Talks on wine, travel and how to invest in art. Full-day seminars on financial fluency. Classroom programs to teach kids as young as 12 about capital gains and dividends.
For high-net-worth individuals, speaking just to a financial adviser isn’t enough any more. Banks and wealth-management firms are offering a slew of seminars and conferences for wealthy clients – and their children, the next generation of wealth holders – to educate them about everything from maintaining core assets to legal issues to philanthropy.
Educational programs, the firms say, are a direct response to clients seeking more information.
“Wealth isn’t just about dollars and cents. It’s not about how much money you’re worth,” says Tony Maiorino, vice-president and head of wealth management services at RBC Wealth Management. “It’s about things like, ‘How is my estate going to transition to my children?’ … And there definitely is demand from our clients to be educated on these issues.”
Barbara Stewart, a partner at Cumberland Private Wealth Management in Toronto, says, clients “expect us to be doing all these things.”
For most wealth-management firms, that means offering programs at least once a year. RBC Wealth Management, for example, offers sessions across the country on tax and estate planning, as well as seminars aimed at business owners. Richardson GMP Ltd. holds a luncheon series twice a year on issues such as estate planning for executors, understanding U.S. income and estate taxes and planning the transfer of wealth. Cumberland offers “cocktail-party-like” events that are aimed at both educating and encouraging networking, and cover topics such as philanthropy.
But firms go far beyond those general courses, particularly with educating the children of clients, in so-called NextGen programs.
WaterStreet Family Offices, a Toronto wealth advisory firm that focuses on ultrahigh-net-worth families, has developed a curriculum for offspring, divided into three age groups – 12 to 16, 16 to 24, and 24 or older. Students spend about seven to 10 hours annually on the classroom program, in sessions three or four times a year.
“We tailor the discussions to what they need to hear about,” says Tim Cestnick, WaterStreet’s president, who is also an author and columnist for The Globe and Mail. “So when kids are approaching their early 20s, we’ll talk about prenuptial agreements; you don’t need to talk about that when you’re 12.”
At 12, the topics include: What is a cheque? What is interest? What are capital gains? Dividends?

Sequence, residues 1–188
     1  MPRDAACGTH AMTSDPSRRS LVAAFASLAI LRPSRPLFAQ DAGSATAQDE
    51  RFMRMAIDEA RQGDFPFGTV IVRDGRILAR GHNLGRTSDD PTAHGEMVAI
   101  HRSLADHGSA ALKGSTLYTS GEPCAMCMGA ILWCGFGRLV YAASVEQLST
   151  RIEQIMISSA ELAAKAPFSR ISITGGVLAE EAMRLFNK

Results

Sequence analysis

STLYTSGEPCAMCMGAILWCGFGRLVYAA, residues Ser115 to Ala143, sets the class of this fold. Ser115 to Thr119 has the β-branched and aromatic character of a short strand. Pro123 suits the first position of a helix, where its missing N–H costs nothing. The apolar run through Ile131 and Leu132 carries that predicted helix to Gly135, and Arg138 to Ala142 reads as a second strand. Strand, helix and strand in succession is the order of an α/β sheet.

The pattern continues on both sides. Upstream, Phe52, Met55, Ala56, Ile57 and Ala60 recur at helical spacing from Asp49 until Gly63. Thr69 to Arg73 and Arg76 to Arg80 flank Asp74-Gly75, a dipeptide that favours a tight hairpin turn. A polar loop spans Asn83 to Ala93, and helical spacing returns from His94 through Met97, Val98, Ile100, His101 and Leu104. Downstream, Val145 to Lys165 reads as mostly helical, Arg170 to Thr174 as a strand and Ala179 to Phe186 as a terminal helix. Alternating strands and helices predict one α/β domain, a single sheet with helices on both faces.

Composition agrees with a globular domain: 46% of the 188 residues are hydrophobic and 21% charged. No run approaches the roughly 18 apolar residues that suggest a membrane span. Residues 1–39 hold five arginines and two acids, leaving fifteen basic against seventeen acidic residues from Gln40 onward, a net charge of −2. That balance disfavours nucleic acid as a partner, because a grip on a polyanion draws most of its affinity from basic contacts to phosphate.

That curriculum is meant to supplement what Mr. Cestnick calls “on-the-job training” – making children trustees or putting them on the board of a family foundation, for instance.
BMO Harris Private Banking provides a program for the adult children of clients called Financial Fluency, a day-long workshop held across the country that teaches the basics of investing – banking, asset classes, risk, portfolio management and the psychology of investing. After the first year of Financial Fluency in 2008, the bank began a similar program for what it calls the “non-financial spouse” – the person in a household who is less likely to make financial decisions. It also holds sessions for other advisers to their clients – lawyers and accountants, for example.
BMO Harris brings in experts to speak on “the mystery of non-financial aspects of wealth,” says Yannick Archambault, vice-president and chief operating officer. Those talks – on topics such as intergenerational wealth transfer and philanthropy – are in turn posted on websites.
Reaching out to family members of clients, particularly children, is considered a service, but companies that provide them also benefit.
As Ms. Stewart points out, “Industry research has shown that women and millennials are the two biggest opportunities in terms of potential for the financial-services sector.”
A U.S. report by Aite Group, released last July, puts it more bluntly: Younger generations, through inheritances and on their own, will be a huge target for wealth-management firms, and many of these potential clients are less loyal than their parents are to a particular company or adviser.
Still, one-on-one relationships count the most. “What we’re trying to do here is offer our services in the form of mentoring,” says Betty Tomsett, director of wealth management and investment adviser at Richardson GMP. “And that’s a day-to-day practice.”
Richardson GMP, like many larger firms, has accountants, lawyers and financial planners on staff to help their wealthy clients with issues beyond just what to put in their portfolios. That kind of access, Ms. Tomsett says, brings education down to “the grassroots level” – through client reviews and client discussions.
The more clients know, the better, Mr. Archambault says.
“It leads to much richer discussions.”Report Typo/Error
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